Mashabei Sadeh (Israël): Ancients in Negev had advanced economy

How people not only survived but burgeoned in desert highlands 4,500 years ago had been an enigma.

Julia Fridman

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Evidence of ancient habitation at Mashabei Sadeh, 4,500 years ago, but what did they live on? Photo by Zach Dunseth

The Negev has been inhabited for thousands of years, sometimes quite thickly. Archaeological evidence has shown there were sudden population explosions in the desert highlands. Some lasted longer than others, but all receded back into the desert sand – but just how did any of them survive in the deep desert?

Archaeologists had assumed they farmed. Now new evidence suggests they did not, instead having a much more advanced economy than had been suspected. And what is this evidence? Fossil feces - and its absence.

The conclusion is the fruit of an ongoing collaboration by archaeologists with scientists in studying the 5,000 year old site of Mashabei Sade.

The question was whether the residents of this large site, in the middle of nowhere in the Negev, subsisted on animal husbandry or not. So they undertook a new excavation of the site, searching specifically for coprolites – ancient animal dung.

Population explosions in the desert


Mashabei Sadeh: How large populations survived in the Negev is quite the question - and, it seems, it wasn't by farming. Photo by Haim Taragan

The ruins of Mashabei Sadeh date to around 2500-1950 BCE, a period known as the Intermediate Bronze Age. The sprawling site, some 12 dunams wide, lies deep in the hills of the Negev Desert, about two miles south of the modern town of the same name.

The Mars-like landscape contains around 200 scattered ancient structures.

Mashabei Sadeh is a relatively unique site in the history of the Negev Highlands, in terms of size and preservation. What makes it even more unique is that it is located several kilometers from any natural water source. It is however near wadis – dry riverbeds that flow during the rainy season, which means the locals could have theoretically grown crops.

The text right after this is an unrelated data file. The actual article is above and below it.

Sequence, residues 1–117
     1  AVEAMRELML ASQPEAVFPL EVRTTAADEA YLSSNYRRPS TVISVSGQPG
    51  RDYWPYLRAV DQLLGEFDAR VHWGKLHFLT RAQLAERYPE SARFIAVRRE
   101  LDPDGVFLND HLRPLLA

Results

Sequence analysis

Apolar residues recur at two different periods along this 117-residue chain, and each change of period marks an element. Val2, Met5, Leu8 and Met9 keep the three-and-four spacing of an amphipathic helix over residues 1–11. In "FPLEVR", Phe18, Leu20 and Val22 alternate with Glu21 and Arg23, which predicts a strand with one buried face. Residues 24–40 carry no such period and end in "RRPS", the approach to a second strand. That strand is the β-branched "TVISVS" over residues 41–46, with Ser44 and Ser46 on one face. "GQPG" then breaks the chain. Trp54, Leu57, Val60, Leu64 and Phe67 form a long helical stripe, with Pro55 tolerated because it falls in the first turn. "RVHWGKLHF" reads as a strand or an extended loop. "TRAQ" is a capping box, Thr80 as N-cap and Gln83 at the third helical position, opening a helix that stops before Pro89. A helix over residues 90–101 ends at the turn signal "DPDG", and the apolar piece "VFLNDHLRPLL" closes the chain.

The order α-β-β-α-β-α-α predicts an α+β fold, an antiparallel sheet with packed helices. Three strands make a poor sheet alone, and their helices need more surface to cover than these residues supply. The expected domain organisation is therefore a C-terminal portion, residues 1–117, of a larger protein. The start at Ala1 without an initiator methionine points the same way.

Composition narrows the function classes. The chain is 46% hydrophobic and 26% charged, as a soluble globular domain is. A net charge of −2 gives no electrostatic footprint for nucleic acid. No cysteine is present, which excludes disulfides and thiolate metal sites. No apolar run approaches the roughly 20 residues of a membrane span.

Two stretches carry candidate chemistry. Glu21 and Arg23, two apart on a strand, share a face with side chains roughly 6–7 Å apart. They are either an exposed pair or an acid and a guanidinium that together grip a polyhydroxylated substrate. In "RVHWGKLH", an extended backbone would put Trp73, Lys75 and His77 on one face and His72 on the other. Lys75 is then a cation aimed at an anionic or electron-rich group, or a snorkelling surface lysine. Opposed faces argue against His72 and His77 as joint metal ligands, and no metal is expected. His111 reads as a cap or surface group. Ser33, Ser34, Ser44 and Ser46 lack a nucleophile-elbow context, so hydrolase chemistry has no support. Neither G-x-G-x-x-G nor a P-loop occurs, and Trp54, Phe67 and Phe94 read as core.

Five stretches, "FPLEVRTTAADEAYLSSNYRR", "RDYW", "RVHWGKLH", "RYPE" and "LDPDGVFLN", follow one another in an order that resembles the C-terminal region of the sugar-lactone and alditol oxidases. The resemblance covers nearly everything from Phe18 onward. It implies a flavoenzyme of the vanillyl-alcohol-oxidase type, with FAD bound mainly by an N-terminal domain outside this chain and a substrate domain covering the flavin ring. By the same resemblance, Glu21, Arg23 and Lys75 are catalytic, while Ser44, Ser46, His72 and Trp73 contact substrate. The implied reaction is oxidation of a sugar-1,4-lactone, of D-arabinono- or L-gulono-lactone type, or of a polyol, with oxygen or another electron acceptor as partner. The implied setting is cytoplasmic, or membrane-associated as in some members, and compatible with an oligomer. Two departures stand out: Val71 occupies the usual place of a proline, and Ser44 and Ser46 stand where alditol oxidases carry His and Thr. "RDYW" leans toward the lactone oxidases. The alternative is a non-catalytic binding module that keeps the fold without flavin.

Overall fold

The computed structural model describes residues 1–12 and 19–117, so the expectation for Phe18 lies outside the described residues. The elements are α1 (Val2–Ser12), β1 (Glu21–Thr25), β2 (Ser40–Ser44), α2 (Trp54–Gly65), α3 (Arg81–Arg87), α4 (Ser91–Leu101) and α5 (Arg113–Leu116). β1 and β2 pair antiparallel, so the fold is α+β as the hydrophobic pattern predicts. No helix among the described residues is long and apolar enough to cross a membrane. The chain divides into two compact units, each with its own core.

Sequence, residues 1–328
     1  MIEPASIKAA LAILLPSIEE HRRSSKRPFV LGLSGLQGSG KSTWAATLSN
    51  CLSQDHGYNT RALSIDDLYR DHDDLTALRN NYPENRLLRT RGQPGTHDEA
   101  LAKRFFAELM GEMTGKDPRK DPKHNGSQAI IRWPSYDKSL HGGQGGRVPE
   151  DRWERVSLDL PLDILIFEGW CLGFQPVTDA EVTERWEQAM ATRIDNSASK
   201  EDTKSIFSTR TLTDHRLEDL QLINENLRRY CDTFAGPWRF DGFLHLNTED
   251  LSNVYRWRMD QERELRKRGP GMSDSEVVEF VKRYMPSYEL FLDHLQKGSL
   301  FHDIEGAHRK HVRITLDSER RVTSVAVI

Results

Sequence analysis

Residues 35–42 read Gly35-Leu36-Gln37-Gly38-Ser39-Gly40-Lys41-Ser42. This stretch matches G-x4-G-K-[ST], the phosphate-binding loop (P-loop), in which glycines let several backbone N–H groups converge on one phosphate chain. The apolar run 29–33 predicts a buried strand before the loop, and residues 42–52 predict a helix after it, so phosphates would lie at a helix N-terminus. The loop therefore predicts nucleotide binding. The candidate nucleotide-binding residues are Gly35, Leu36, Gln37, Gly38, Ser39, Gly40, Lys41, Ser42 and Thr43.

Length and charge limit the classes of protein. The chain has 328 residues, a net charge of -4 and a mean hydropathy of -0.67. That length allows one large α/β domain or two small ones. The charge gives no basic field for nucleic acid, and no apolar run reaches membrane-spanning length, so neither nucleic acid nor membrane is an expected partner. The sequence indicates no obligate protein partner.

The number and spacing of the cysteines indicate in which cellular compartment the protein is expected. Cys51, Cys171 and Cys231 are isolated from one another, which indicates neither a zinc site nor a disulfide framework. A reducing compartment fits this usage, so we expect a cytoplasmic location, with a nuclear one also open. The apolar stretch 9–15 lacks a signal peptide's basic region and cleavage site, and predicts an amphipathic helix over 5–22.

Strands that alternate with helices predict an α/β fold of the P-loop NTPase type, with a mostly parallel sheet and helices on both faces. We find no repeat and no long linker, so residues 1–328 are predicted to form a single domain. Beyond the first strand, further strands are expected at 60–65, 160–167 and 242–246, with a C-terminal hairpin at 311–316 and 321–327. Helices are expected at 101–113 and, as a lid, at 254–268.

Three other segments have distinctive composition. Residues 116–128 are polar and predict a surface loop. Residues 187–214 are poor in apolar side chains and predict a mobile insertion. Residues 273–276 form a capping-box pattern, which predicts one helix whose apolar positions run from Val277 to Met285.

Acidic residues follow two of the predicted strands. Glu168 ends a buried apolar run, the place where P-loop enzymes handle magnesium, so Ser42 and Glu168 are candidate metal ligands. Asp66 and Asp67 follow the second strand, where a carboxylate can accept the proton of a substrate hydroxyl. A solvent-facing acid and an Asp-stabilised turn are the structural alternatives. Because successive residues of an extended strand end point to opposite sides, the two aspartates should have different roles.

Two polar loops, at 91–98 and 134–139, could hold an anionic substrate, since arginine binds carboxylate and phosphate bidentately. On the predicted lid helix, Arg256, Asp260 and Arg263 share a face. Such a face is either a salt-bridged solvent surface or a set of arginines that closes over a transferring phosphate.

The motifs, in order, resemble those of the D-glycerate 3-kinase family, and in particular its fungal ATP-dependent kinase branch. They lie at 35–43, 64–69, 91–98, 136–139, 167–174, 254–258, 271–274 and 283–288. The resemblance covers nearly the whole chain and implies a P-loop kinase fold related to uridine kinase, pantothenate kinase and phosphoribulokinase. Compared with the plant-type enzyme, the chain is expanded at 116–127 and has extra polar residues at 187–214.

The site is being excavated as part of the Negev Highlands Research project, directed by Israel Finkelstein of Tel Aviv University and Ruth Shahack-Gross of the Weizmann Institute. Mashabei Sadeh itself is being excavated by doctoral student Zach Dunseth. Their aim: to elucidate subsistence practices – how people survived the cruel conditions in the Negev. Also, they hope to gain new light on ancient life-habits of the inhabitants of the Negev Highlands during the settlement peaks throughout history, which remain a mystery.

The first known population explosion was in the Early Bronze Age, about 5,000 years ago. It happened again multiple times during the Intermediate Bronze Age, briefly within the Iron Age (what some call the biblical period), and then again more recently, in the Byzantine and Early Islamic periods.

During the Intermediate Bronze Age, as the north of the Land of Israel was undergoing a period of de-urbanization, the Negev was experiencing a wave of settlement. No one fully understands why this occurred. In their search for clues, archaeologists turned to a study very familiar to them but less so to the public: coprolites. What they found astonished them: the population explosions were not sustained by agriculture, it seems.